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Rape, Sexual Violence Continue In Darfur As Crisis Turns 10

“We’re at the 10-year-anniversary of the beginning of the genocide in Darfur, yet, instead of subsiding, it has been amplified this year,” columnist Nicholas Kristof writes in his New York Times column. “Darfur isn’t in the headlines anymore, partly because there has been a lull in the killing in recent years and partly because so much else is happening worldwide,” he states, adding, “The Sudanese government, which tends to calibrate its brutality to the degree of attention it receives, is taking advantage of the lack of scrutiny by stepping up its decade-long campaign in Darfur of mass murder, burned villages and sexual violence.” He notes, “Rape happens all over the world, of course, but, for 10 years, the Sudanese government has used rape as a weapon of war to humiliate the ethnic groups that it targets.”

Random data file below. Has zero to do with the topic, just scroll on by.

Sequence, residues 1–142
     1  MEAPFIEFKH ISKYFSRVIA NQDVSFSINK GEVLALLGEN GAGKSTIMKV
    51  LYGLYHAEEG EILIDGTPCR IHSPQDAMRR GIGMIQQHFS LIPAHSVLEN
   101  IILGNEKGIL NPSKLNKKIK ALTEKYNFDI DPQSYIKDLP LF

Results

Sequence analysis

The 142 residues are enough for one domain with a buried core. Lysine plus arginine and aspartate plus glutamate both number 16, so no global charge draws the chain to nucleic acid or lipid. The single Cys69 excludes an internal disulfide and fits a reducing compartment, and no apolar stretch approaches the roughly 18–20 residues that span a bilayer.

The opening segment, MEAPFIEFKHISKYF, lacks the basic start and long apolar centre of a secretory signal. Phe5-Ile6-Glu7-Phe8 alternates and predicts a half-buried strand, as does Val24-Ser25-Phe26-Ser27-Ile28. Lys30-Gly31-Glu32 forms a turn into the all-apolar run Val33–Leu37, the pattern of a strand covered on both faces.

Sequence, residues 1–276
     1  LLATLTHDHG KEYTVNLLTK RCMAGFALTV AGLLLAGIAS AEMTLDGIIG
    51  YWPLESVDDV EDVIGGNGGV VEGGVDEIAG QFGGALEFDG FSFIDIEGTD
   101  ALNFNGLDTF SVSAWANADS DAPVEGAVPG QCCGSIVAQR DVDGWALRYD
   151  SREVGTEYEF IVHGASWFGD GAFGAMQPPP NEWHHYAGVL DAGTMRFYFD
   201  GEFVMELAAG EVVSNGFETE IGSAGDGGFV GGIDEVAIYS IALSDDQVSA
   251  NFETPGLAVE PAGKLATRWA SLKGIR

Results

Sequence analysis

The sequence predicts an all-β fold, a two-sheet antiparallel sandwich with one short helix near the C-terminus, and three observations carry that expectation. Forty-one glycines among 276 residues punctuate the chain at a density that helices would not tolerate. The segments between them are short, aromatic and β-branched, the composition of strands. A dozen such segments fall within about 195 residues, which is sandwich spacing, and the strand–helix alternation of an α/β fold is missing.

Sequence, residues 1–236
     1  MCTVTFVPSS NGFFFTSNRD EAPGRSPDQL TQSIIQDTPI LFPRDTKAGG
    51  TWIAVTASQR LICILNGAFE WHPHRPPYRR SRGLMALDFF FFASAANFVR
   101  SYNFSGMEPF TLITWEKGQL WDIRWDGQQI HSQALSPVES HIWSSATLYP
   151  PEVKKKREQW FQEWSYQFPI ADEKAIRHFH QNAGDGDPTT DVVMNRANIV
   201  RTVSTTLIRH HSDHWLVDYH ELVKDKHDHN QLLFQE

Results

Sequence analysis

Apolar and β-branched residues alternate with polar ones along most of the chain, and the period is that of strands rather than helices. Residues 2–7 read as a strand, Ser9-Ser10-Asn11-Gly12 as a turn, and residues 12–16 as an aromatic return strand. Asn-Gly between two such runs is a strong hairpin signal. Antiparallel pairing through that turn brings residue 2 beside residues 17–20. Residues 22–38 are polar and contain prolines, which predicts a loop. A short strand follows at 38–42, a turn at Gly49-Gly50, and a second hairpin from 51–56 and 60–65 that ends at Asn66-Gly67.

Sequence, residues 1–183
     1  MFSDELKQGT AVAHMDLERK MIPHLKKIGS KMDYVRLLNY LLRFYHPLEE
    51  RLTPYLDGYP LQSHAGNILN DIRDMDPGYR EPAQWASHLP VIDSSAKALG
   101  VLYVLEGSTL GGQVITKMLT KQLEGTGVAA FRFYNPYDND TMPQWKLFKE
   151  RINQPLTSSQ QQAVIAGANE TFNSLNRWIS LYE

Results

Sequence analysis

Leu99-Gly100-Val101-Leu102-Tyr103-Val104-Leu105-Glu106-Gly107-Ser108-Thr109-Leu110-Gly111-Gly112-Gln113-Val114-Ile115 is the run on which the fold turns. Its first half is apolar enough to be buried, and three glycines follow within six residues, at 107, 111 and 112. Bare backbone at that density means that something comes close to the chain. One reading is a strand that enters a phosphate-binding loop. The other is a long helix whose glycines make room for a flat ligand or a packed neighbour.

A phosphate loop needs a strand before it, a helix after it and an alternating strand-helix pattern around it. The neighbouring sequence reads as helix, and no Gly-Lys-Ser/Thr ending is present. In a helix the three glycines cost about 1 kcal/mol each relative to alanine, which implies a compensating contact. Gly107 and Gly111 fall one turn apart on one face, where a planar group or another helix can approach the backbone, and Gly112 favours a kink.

“Just in the first five months of 2013, according to the United Nations, another 300,000 people in Darfur have been driven from their homes — and untold numbers killed or raped,” Kristof continues. “Granted, there are no magic wands to end the horrors of Darfur, but groups like the Enough Project have outlined solid proposals to put pressure on Sudan” and “[b]ipartisan legislation now in Congress — the Sudan Peace, Security and Accountability Act of 2013 — might help,” he writes. Kristof notes that on the last stop of his annual win-a-trip journey, in which he takes a student on a reporting trip to the developing world, he and trip winner Erin Luhmann of the University of Wisconsin interviewed “six brave women who are refugees from just one Darfur village, AbJaradil,” about their experiences having been raped. He provides quotes from these interviews and writes, “[L]et’s hope that these women’s courage and outspokenness will lead us to find our own voices” (7/24).